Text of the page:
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Adapting agricultural water use to climate change in a post-Soviet context: challenges and opportunities in southeast Kazakhstan

Barrett, T., Feola, G., Khusnitdinova, M. and Krylova, V. (2017) Adapting agricultural water use to climate change in a post-Soviet context: challenges and opportunities in southeast Kazakhstan. Human Ecology, 45 (6). pp. 747-762. ISSN 1572-9915

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To link to this item DOI: 10.1007/s10745-017-9947-9

Abstract/Summary

The convergence of climate change and post-Soviet socio-economic and institutional transformations has been underexplored so far, as have the consequences of such convergence on crop agriculture in Central Asia. This paper provides a place-based analysis of constraints and opportunities for adaptation to climate change, with a specific focus on water use, in two districts in southeast Kazakhstan. Data were collected by 2 multi-stakeholder participatory workshops, 21 semi-structured in-depth interviews, and secondary statistical data. The present-day agricultural system is characterised by enduring Soviet-era management structures, but without state inputs that previously sustained agricultural productivity. Low margins of profitability on many privatised farms mean that attempts to implement integrated water management have produced water users associations unable to maintain and upgrade a deteriorating irrigation infrastructure. Although actors engage in tactical adaptation measures, necessary structural adaptation of the irrigation system remains difficult without significant public or private investments. Market-based water management models have been translated ambiguously to this region, which fails to encourage efficient water use and hinders adaptation to water stress. In addition, a mutual interdependence of informal networks and formal institutions characterises both state governance and everyday life in Kazakhstan. Such interdependence simultaneously facilitates operational and tactical adaptation, but hinders structural adaptation, as informal networks exist as a parallel system that achieves substantive outcomes while perpetuating the inertia and incapacity of the state bureaucracy. This article has relevance for critical understanding of integrated water management in practice and adaptation to climate change in post-Soviet institutional settings more broadly.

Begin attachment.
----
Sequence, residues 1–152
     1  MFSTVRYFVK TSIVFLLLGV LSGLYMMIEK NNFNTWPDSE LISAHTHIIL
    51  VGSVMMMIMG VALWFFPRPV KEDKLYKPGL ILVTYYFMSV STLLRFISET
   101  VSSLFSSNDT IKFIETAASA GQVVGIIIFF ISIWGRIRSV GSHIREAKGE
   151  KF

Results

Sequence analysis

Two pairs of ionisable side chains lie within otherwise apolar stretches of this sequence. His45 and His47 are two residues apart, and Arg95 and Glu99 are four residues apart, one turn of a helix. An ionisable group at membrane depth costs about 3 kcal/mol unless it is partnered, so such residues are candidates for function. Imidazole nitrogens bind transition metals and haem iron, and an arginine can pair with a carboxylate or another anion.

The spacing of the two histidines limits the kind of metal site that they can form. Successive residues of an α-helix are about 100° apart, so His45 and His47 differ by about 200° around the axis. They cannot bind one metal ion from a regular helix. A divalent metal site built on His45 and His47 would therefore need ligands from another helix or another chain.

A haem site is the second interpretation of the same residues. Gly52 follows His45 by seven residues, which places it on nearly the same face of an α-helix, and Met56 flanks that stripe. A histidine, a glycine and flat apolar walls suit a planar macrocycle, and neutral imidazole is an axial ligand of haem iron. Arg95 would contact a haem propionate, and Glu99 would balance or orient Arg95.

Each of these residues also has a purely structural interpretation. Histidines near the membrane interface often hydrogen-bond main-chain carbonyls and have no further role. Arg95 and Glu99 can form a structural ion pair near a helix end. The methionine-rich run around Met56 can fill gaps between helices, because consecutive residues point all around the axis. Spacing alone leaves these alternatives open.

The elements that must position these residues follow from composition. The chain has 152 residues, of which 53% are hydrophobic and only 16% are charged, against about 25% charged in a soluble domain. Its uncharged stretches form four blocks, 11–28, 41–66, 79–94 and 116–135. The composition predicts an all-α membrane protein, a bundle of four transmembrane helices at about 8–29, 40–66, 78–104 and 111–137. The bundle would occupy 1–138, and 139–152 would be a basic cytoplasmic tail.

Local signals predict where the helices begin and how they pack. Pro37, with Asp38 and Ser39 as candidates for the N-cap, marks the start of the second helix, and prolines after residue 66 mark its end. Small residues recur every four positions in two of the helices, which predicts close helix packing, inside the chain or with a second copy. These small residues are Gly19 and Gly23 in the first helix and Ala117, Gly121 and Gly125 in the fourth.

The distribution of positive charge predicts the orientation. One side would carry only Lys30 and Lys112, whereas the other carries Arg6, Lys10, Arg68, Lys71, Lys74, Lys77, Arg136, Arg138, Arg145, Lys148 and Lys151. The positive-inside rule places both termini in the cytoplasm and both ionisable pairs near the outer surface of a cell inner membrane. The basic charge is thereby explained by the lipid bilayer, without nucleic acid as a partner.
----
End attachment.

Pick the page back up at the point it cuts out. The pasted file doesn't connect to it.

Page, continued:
Item Type:Article
Refereed:Yes
Divisions:Faculty of Science > School of Archaeology, Geography and Environmental Science > Department of Geography and Environmental Science
ID Code:73813
Publisher:Springer

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